The World Series has officially wrapped, but MLB free agency doesn’t officially begin until Monday, Nov. 6. In the intervening days, players and teams across the league will be making decisions on contract options for 2024 and beyond – whether to pick them up or decline them and roll the dice on the open market.
This year’s crop features some very notable names, so let’s run down the five biggest and try to make some predictions about whether they’ll stay put or hit free agency.
MLB’s biggest option decisions before free agency
Marcus Stroman, SP, Chicago Cubs
At the All-Star break, Stroman looked like a legit Cy Young candidate, with a 2.88 ERA through his first 20 starts. And then the wheels fell off: The righty got hammered for 18 runs over his next 10 innings, then landed on the IL with a hip injury that proved surprisingly hard to kick. He didn’t return until September, and even then it was as a reliever, allowing eight runs over eight innings of work.
Now he has a big decision to make. His contract still has one year remaining at $21 million, but he can also opt out now and become a free agent. A few months ago, this was a no-brainer; given all that’s happened since, though, it might make since for Stroman to come back to the Cubs, pitch one more year for an ostensible contender and rebuild his value ahead of next winter. That said, he’ll be 33 next May, and there’s no guarantee he’ll avoid more health setbacks in 2024.
Prediction: I think he opts out. Waiting another year to cash in just carries a ton of risk, considering his injury history and the fact that he’ll be entering his age-34 season — risk that I’m not sure is worth the upside. This is a mixed free-agent class for starting pitchers, with far greater demand than supply, and Stroman can sell teams on the fact that it was his hip injury rather than a decline in performance that derailed his excellent first half.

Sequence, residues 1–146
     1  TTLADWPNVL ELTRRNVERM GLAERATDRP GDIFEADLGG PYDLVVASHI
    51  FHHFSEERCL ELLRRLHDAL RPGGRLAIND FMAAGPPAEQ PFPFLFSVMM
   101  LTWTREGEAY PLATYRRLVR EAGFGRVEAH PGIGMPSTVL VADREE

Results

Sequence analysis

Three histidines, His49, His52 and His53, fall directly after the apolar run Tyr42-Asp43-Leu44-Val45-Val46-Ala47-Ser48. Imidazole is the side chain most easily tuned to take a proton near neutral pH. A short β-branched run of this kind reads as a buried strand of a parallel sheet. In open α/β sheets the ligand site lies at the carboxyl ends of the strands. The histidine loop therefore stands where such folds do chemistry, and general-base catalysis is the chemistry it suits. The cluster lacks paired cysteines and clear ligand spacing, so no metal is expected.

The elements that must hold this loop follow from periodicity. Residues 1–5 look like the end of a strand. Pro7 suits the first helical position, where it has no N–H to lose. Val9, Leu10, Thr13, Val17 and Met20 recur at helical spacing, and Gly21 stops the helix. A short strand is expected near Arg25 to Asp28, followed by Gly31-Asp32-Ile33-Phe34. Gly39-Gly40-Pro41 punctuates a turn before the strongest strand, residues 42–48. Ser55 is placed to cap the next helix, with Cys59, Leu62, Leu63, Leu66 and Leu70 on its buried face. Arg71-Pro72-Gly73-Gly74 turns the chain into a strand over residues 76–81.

Tim Anderson, 2B/SS, Chicago White Sox
Anderson was among the very worst regulars in the game this past season; his power evaporated, his uber-aggressive plate approach led to a ton of weak ground balls and he posted the worst offensive season of his career. All that said, he slashed .318/.347/.474 from 2019-22, he’s still just 30 years old, and guys with that sort of production on their resume — especially at a middle-infield spot — are hard to come by. The White Sox are at the start of what figures to be a long and painful rebuild, so is it worth it to pick up their long-time shortstop’s $14 million option for 2024?
Ordinarily the answer would be an obvious no, but it’s not quite that simple. The only real middle infielders of note in this free-agent class are Elvis Andrus and Amed Rosario; it’s rough out there for any team looking to upgrade at second or short, and it’s not hard to imagine Chicago being able to sell someone on coughing up a prospect for Anderson even given how bad he was in 2023.
Prediction: It’s hard to envision Jerry Reinsdorf coughing up that kind of money for a player coming off a dreadful season, even a popular one like Anderson. I think it would behoove Chicago to try and flip him for something of value, but that hasn’t been this organization’s M.O. for years.